Following this week’s furor over reports that job applicants in the US were being asked by prospective employers to surrender their social media passwords as part of the application process, a US senator says he has filed a bill aimed at stopping the practice, which he said is an unreasonable invasion of privacy.
Democratic senator Richard Blumenthal told AP that the problem calls for a national solution, reacting to an increasing number of reports and complaints on the practice from job seekers in the current tight employment market all over the nation.
Earlier this week, legal experts commenting on the practice admitted that the legality of the demand for a job seeker’s username and password for Facebook and Twitter, for instance, remains unclear.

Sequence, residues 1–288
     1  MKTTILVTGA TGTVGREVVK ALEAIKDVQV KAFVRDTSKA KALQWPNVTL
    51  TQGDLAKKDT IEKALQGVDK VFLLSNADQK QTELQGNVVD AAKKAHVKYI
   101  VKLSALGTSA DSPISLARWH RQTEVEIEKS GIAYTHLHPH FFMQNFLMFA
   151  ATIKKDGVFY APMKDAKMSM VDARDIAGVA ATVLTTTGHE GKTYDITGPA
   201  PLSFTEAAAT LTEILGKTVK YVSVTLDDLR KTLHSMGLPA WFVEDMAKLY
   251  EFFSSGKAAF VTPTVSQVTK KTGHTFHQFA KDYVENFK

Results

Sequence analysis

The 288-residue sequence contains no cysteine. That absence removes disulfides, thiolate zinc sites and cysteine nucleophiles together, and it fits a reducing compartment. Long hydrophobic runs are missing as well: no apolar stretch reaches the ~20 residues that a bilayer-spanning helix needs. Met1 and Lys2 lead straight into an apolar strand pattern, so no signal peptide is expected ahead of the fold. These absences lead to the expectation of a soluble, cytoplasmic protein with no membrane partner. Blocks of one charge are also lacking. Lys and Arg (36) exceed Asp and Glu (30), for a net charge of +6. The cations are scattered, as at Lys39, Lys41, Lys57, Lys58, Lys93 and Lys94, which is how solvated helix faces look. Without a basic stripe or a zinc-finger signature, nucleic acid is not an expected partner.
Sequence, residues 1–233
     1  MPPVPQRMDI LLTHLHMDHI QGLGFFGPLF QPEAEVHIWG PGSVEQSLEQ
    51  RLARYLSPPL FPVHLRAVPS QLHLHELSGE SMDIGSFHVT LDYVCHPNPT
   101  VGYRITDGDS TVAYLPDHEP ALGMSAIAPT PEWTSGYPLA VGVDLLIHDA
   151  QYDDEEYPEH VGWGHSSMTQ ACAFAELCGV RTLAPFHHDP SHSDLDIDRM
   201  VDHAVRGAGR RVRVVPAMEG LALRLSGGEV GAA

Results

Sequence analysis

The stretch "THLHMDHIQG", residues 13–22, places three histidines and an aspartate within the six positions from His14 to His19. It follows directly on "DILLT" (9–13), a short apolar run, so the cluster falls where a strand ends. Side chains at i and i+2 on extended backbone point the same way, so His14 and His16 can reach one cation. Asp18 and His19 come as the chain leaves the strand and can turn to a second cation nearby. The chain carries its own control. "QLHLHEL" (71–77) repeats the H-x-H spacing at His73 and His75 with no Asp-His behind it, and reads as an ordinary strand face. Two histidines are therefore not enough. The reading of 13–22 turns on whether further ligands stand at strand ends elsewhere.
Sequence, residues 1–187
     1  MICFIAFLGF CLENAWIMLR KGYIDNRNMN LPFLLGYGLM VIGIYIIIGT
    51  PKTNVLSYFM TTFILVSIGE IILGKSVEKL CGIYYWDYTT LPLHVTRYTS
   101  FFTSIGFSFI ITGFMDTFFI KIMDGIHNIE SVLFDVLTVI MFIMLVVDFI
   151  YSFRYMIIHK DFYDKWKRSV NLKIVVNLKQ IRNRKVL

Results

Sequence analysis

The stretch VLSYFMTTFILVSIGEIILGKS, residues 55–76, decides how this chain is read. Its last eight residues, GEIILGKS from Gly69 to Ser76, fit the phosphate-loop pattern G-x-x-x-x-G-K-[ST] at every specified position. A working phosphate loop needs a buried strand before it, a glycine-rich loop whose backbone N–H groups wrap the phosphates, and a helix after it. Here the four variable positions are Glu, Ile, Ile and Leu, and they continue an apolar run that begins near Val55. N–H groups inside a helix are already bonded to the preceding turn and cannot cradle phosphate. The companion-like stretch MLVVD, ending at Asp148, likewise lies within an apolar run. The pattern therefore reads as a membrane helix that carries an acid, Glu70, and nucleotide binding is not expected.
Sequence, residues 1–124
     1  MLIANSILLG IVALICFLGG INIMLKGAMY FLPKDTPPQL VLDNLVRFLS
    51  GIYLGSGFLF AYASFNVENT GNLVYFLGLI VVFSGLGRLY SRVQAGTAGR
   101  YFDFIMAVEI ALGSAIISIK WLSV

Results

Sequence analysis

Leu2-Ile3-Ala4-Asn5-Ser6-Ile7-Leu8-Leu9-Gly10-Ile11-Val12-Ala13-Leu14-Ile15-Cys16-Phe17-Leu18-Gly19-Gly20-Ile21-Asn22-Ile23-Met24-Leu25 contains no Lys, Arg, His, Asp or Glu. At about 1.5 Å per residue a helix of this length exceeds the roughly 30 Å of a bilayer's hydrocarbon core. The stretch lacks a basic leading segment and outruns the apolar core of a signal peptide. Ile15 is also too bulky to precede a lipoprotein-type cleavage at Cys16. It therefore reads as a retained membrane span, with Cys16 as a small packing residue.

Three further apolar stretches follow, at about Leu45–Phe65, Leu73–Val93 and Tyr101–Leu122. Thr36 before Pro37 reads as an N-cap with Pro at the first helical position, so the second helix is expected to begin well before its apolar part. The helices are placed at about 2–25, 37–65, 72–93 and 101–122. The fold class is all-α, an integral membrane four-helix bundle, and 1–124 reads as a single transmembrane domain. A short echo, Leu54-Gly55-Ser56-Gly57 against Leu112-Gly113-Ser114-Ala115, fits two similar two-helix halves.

It is likely that the impending bill would lay the groundwork for a clearer understanding of the novel requirement that had caused many jobseekers to withdraw their applications, as they refused to reveal their social media passwords.
Sen. Blumenthal explained that his proposed bill would contain provisions for exceptions, such as those involving federal and law enforcement agencies seeking applicants whose backgrounds and personal circumstances need further examination.
Other legal sources, however, explained that even if job applicants volunteer to give up their social media passwords to would-be employers, such an act would still be coercive because the person is in need of a job and is under a lot of pressure to be accepted.